Results

Sign-change of resistivity anisotropy

Figure 2 presents our main experimental finding, the sign-reversal of the in-plane resistivity anisotropy. For (Ba1−xKx)Fe2As2 samples with x≤0.202, the resistivity is larger along the shorter orthorhombic axis, ρa<ρb, whereas for samples with x≥0.235, the longer axis has higher resistivity, ρa>ρb. This is clearly seen in the inset zooming in on the structural transition region. It is also apparent that, because of the applied uniaxial strain, the in-plane anisotropy starts to appear well above the structural transition TS of the unstrained sample.

Figure 2: Sign-change of the resistivity anisotropy.
figure2

(a) Normalized temperature-dependent resistivity, ρ(T)/ρ(300K), for the (Ba1−xKx)Fe2As2 samples with x=0.202 and x=0.235. The red lines show the resistivity along the a0-axis (ρa) while the blue lines show ρb. The inset zooms at the structural transition, where a clear reversal of the anisotropy from ρb>ρa for x=0.202 to ρb<ρa for x=0.235 occurs. (b) Temperature dependence of ρ for different K-doping levels. Arrows show TN determined from dρ(T)/dT on unstrained samples.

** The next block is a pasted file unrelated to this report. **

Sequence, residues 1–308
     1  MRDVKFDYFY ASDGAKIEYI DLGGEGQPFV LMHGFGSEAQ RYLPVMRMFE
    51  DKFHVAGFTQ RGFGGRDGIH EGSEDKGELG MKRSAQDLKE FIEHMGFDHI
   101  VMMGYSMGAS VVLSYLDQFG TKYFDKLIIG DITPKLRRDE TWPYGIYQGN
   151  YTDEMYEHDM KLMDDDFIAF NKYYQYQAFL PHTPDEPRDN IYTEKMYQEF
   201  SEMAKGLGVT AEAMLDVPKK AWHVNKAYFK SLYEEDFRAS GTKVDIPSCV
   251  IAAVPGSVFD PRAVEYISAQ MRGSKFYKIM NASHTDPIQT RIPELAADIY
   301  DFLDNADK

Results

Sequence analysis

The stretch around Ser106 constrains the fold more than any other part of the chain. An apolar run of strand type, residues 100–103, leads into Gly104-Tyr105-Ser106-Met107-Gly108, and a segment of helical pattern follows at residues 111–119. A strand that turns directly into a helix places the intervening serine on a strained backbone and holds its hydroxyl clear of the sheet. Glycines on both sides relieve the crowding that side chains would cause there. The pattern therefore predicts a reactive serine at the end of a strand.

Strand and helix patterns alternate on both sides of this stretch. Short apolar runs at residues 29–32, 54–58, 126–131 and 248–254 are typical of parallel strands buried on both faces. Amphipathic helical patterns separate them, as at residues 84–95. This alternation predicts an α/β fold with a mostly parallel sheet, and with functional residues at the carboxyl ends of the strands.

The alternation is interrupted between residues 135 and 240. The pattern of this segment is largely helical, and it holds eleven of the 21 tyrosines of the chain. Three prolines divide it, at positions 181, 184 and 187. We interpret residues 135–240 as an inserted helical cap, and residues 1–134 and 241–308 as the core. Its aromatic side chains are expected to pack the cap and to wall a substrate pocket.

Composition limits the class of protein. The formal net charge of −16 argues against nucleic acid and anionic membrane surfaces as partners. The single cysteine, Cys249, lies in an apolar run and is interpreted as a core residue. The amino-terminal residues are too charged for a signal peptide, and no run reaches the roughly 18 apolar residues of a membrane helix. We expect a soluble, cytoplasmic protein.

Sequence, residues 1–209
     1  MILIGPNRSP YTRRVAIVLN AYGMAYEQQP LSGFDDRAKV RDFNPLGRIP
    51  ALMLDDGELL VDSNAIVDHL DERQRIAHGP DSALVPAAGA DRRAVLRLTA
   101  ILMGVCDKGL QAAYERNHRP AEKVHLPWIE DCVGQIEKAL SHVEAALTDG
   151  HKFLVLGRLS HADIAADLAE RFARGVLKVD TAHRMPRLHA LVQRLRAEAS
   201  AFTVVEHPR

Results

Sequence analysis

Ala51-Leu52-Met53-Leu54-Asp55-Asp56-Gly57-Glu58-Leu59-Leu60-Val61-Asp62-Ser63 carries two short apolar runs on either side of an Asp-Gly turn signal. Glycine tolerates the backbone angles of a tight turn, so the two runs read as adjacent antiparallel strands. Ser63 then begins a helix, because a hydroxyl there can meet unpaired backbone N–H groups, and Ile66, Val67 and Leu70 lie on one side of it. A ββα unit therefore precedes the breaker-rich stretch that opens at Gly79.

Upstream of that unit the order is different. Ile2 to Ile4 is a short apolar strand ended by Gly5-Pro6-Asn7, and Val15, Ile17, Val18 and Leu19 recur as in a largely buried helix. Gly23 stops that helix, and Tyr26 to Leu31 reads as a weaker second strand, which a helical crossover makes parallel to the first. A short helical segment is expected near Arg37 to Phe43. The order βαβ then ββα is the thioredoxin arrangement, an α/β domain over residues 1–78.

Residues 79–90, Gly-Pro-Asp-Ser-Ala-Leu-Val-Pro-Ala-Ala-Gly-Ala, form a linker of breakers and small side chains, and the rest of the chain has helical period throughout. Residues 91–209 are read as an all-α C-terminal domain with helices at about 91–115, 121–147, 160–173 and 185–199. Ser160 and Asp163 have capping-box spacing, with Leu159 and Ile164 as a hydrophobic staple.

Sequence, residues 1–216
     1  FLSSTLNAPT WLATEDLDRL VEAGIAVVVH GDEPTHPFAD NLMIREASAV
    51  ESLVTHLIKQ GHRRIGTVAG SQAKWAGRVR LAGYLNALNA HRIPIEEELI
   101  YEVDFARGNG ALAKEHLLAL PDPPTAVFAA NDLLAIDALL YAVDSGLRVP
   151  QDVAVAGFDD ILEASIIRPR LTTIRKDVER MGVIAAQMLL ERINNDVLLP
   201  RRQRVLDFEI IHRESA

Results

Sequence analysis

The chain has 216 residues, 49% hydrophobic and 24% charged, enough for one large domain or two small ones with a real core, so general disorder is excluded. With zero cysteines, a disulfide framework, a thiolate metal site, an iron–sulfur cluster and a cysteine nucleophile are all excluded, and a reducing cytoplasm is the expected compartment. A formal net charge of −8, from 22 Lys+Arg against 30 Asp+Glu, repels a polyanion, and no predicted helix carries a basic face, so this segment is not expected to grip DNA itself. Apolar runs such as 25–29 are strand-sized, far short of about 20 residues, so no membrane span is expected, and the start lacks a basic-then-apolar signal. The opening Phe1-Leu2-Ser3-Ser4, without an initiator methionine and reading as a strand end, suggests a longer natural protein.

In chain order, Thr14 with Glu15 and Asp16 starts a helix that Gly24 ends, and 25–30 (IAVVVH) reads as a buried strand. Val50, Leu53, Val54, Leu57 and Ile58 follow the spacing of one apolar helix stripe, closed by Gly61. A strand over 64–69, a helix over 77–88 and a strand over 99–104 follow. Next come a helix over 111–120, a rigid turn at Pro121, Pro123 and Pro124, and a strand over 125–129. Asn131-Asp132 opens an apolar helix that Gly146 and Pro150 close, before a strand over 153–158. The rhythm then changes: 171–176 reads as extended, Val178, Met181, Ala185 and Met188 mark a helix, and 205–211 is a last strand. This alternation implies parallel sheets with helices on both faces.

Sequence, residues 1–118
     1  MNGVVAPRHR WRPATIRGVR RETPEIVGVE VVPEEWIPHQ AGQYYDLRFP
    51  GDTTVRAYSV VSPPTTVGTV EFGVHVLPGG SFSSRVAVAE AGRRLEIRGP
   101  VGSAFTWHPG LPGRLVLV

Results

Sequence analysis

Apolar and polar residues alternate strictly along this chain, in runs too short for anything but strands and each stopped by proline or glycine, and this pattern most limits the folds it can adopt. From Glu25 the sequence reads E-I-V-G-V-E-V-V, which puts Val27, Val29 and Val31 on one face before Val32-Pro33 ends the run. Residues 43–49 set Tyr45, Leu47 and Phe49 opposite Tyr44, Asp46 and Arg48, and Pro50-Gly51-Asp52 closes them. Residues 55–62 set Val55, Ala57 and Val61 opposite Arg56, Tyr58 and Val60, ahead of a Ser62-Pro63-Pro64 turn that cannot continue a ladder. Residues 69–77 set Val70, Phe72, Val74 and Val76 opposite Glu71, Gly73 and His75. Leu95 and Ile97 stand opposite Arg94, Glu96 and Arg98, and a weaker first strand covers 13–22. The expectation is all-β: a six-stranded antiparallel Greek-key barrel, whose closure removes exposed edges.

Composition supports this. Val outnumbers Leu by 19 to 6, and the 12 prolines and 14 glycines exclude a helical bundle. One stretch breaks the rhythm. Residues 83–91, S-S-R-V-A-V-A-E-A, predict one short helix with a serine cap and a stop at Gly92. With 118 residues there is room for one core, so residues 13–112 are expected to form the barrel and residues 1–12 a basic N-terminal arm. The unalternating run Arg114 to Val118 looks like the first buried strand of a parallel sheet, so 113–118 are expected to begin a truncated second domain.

In Fig. 2b, we plot the temperature-dependent anisotropy ratio, ρ, for several compositions. We use two characteristic features of the ρ(T) curves to further analyse the data. First, we plot in Fig. 1b the maximum in-plane anisotropy ρmax for different x. In Fig. 3a we plot ρ(TTN), that is, at temperatures immediately below the magnetic transition, which coincides with the structural transition temperature of the unstrainned (Ba1−xKx)Fe2As2 samples.

Figure 3: Anisotropic scattering from spin fluctuations.
figure3

(a) Doping dependence of the in-plane resistivity anisotropy at 0.95TN in both electron- and hole-doped BaFe2As2. The red line is a guide to the eye. The nematic/magnetic and superconducting domes are shown in the background for reference only, without a temperature scale. The error bars represent the values of the resistivity anisotropy ratio at TN and reflect the uncertainty in the determination of TN from the maximum of the dρ(T)/dT curves. (b) Theoretical calculation of the maximum in-plane resistivity anisotropy in the paramagnetic phase normalized by the residual resistivity, ρ0, as a function of the change in the electron occupation number, Δn/n0, where n0=(kFa)2/(π). The insets schematically show the differences in the scattering rates corresponding to different Fermi velocities at the hot-spots for electron- and hole-doped systems. When the hot-spot Fermi velocity has a larger component along the b (a) direction, the magnetic scattering rate is larger along the b (a) direction. The hot-spots are obtained by displacing the electron pocket (yellow ellipse) by (π,0), making it overlap with the hole pocket (green circle). The shaded red area denotes the predicted sign-reversal of the anisotropy.